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Effects of Legal and Extralegal Factors on Detention Decisions in US District Courts

NCJ Number
Justice Quarterly Volume: 30 Issue: 2 Dated: April 2013 Pages: 340-368
Angela K. Reitler; Christopher J. Sullivan; James Frank
Date Published
April 2013
29 pages
This study examined presentence release and detention decisions in Federal court.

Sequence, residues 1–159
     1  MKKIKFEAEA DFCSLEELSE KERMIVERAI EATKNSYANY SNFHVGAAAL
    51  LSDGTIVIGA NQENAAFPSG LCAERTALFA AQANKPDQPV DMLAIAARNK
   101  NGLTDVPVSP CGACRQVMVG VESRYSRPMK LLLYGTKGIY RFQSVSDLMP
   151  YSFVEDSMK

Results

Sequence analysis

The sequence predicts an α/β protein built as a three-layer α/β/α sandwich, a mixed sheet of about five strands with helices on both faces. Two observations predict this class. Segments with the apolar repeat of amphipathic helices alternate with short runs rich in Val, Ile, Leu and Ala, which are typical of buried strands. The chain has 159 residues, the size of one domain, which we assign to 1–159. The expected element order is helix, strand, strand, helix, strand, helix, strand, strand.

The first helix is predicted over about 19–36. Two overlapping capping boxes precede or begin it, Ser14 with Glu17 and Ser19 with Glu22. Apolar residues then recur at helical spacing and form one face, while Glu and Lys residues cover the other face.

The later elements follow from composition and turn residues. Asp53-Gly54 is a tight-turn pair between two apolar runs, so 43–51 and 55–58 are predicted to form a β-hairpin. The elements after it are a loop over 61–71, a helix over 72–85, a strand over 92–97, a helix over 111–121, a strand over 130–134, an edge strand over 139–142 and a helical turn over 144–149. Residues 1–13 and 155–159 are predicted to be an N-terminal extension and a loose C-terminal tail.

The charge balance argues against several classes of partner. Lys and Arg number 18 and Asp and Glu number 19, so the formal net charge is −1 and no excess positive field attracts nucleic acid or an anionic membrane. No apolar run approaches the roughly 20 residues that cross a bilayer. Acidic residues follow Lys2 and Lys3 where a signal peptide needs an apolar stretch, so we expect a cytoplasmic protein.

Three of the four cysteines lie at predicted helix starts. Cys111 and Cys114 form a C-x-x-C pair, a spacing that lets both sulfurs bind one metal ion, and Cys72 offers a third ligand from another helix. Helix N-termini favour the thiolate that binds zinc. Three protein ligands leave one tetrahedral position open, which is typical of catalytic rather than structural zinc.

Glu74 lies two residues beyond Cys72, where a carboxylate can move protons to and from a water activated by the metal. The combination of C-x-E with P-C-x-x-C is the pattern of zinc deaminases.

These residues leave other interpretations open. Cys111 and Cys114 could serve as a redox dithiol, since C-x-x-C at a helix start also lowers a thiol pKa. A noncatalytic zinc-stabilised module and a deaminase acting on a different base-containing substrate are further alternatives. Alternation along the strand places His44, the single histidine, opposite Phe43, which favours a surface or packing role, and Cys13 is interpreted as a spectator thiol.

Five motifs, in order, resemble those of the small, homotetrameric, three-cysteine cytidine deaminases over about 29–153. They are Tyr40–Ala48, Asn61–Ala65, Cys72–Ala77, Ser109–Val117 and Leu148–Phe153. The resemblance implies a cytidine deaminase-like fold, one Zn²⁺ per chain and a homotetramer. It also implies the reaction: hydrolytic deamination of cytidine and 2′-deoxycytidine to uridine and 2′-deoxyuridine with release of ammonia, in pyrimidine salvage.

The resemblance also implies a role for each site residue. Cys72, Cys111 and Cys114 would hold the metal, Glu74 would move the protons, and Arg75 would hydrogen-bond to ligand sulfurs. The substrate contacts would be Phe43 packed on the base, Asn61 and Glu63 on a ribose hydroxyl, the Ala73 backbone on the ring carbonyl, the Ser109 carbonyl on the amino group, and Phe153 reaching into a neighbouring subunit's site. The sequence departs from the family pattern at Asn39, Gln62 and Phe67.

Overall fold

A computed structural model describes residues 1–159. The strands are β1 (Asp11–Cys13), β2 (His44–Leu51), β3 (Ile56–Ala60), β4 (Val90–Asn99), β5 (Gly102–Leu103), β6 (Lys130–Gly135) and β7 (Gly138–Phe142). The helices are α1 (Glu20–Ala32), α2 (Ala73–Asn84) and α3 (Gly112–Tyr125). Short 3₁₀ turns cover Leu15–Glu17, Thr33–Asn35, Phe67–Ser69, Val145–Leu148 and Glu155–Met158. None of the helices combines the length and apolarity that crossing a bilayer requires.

The Bail Reform Act of 1984 changed the law dictating release and detention decisions in Federal court. Since its passage, few studies have examined judicial decisionmaking in this context. Legal research enables one to account for the structure and interpretation of Federal detention laws and to analyze previously neglected measures of legal factors in the author's analyses. The authors used U.S. Sentencing Commission data on a sample of defendants who were sentenced in 2007 (N=31,043). The authors found that legal factorsparticularly length of criminal history, having committed a violent or otherwise serious offense, and having committed the offense while under supervision of the criminal justice systemhave the strongest relationships with the presentence detention outcome. A defendant's age, race, and ethnicity have weaker relationships with detention. When the authors compared defendants who were similarly situated with respect to legal factors, the probability of detention was similar regardless of age, race, and ethnicity. Abstract published by arrangement with Taylor and Francis.